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Gastroenterology. 2010 Sep;139(3):999-1007, 1007.e1-2. doi: 10.1053/j.gastro.2010.05.008. Epub 2010 Jun 19.

Lentiviral vectors that express UGT1A1 in liver and contain miR-142 target sequences normalize hyperbilirubinemia in Gunn rats.

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INSERM Unité 948, CHU Hôtel Dieu, Nantes, France.



Crigler-Najjar type 1 (CN-I) is an inherited liver disease caused by an absence of bilirubin-uridine 5'-diphosphate-glucuronosyltransferase (UGT1A1) activity. It results in life-threatening levels of unconjugated bilirubin, and therapeutic options are limited. We used adult Gunn rats (an animal model of the disease) to evaluate the efficiency of lentiviral-based gene therapy to express UGT1A1 in liver.


Gunn rats were given intraportal injections of VSVG-pseudotyped lentiviral vectors that encode UGT1A1 under the control of a liver-specific transthyretin promoter (mTTR.hUGT1A1); this vector does not contain target sequences for miR-142, a microRNA that is expressed specifically in hematopoietic cells. Rats were also injected with the vector mTTR.hUGT1A1.142T, which contains 4 copies of the miR-142 target sequences; its messenger RNA should be degraded in antigen-presenting cells. Bilirubinemia was monitored, and the presence of transduced hepatocytes was analyzed by quantitative polymerase chain reaction. Vector expression was tested in vitro in rat hematopoietic cells.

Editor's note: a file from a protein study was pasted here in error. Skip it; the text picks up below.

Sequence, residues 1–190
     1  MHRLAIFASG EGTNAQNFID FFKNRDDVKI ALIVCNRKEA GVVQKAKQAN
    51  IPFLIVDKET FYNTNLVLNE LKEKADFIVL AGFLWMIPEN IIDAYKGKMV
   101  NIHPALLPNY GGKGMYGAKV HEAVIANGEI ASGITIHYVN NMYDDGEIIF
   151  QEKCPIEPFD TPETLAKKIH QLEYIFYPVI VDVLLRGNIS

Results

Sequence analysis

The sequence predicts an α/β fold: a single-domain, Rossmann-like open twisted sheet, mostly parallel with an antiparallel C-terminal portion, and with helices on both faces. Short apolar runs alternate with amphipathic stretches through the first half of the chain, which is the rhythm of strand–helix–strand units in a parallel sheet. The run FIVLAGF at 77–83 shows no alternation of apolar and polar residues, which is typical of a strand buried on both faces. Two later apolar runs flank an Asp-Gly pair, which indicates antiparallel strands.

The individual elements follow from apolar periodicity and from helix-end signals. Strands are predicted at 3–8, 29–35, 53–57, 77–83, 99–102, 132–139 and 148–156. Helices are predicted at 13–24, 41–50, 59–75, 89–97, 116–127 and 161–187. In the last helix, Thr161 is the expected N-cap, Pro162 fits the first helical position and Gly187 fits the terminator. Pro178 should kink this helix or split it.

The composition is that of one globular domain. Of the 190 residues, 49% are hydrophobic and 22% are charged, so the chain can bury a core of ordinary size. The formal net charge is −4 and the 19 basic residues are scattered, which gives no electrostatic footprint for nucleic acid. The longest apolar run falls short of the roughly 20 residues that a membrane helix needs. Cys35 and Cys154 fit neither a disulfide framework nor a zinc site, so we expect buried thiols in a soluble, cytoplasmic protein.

In Gunn rats, bilirubin levels normalized 2 weeks after administration of mTTR.hUGT1A1. However, hyperbilirubinemia resumed 8 weeks after vector administration, concomitant with the induction of an immune response. In contrast, in rats injected with mTTR-UGT1A1.142T, bilirubin levels normalized for up to 6 months and transduced cells were not eliminated.


Lentiviral vectors that express UGT1A1 reduce hyperbilirubinemia in immunocompetent Gunn rats for at least 6 months. The immune response against virally expressed UGT1A1 can be circumvented by inclusion of miR-142 target sequences, which reduce vector expression in antigen-presenting cells. This lentiviral-based gene therapy approach might be developed to treat patients with CN-I.

[Indexed for MEDLINE]

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